Version 10.5 includes support for digital signatures in XLSX/XLSM documents, improved PDF import, and other features, but the really interesting feature from an Open XML point of view is Monarch Context, a free add-in for Excel.  Monarch 10.5 has the ability to take advantage of the flexibility of OPC (the Open Packaging Convention) to store a full-fidelity XML representation of the original source report in the output XLSX document.  It also includes metadata on each row of the spreadsheet that ties back to the source of that row’s data in the original report.  With Monarch Context (see screenshot above), you can then navigate to a row in in the generated spreadsheet, click on Display Source, and see the source data for that row.

This is a powerful example of the creative possibilities that developers have when working with OPC.  The generated report includes its own audit trail and source data, and you can even ask Monarch to sign the XLSX/XLSM file, to assure future viewers of the integrity of the report for compliance and auditing purposes.

PPTX report generated by PSC's custom system for RDI

PSC

PSC Group LLC is a Chicago-area professional services consulting firm, a Microsoft Gold Partner, an IBM partner, and active in a wide range of technology services and projects.  I’ve gotten to know John Head, PSC’s Director of Enterprise Collaboration, fairly well through DII workshops and other activities, where he is a perennial force to be reckoned with.  John’s a hands-on expert and is definitely not the kind of guy who ever leaves you wondering what he really thinks — it’s great to get that kind of direct informed feedback when we participate in DII events.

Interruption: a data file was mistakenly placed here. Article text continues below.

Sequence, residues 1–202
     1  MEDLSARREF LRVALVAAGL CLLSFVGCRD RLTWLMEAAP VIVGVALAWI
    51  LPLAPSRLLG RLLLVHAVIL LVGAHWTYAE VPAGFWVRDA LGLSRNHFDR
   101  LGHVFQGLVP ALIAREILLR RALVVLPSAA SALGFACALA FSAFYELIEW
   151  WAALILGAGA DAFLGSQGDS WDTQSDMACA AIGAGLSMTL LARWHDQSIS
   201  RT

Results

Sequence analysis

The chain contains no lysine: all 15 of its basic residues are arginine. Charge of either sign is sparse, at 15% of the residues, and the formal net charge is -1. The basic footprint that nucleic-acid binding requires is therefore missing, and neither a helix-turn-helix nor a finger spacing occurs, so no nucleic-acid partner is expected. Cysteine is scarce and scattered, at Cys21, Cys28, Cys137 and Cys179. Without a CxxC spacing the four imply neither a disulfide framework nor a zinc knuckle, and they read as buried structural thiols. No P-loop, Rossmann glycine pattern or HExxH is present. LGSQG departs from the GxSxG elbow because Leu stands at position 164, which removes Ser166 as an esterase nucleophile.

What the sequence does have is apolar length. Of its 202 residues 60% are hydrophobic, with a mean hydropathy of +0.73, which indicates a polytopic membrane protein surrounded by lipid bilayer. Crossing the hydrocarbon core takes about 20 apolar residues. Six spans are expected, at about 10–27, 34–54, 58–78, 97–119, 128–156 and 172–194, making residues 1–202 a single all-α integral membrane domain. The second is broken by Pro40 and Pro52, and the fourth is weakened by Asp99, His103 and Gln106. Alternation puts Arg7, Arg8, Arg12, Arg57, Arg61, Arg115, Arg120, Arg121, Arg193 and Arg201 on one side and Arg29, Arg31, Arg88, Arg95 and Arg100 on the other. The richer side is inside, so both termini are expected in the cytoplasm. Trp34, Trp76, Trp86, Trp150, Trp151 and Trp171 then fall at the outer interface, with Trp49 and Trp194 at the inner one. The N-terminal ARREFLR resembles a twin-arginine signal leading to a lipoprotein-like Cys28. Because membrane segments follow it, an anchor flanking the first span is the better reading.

One of PSC’s clients is RDI (Research Director, Inc.), a Maryland-based radio-research consulting firm that analyzes, interprets and presents Arbitron audience research data for over 200 radio stations.  RDI came to PSC with a problem: they had been using the same custom system for 10 years, and their needs had grown so much that it was taking three weeks to build the presentations they needed to generate each quarter.  As Marc Greenspan of RDI explains, “Taking three weeks to process the data was no longer an option.  By the time we’d be done, the next set of data would be coming in, and the presentations would be close to useless to our customers. We needed a scalable, sustainable production system, and our motivation was literally business survival.”

PSC developed a custom Open XML solution for RDI that now delivers these same reports in just three days, enabling RDI to offer its analyses 13 times per year instead of 4 times per year, and dramatically reducing the cost of generating their analysis.  John Head explains that “We were able to improve the application performance so drastically by not having to automate PowerPoint, because it’s not involved until the user actually opens the file.  We couldn’t have done that without Open XML. We couldn’t support document generation on the server with binary formats. It was too hard and it didn’t always work. Open XML changed that.”

There’s a new case study on our web site about the system that John’s team has built for RDI.  It’s a good example of how the world of automated document assembly is rapidly changing with the advent of standardized XML-based document formats.  I had the opportunity to learn about this system early on, when the PSC team gave us a demo in Redmond last year, and it’s great to see it rolled out and in production.

Microsoft

And finally, for those who haven’t seen the news yet … we have a new Open XML implementation available, too.  More on that one later. 😉

Comments (1)

  1. John Head says:

    thanks for the coverage and kind words Doug!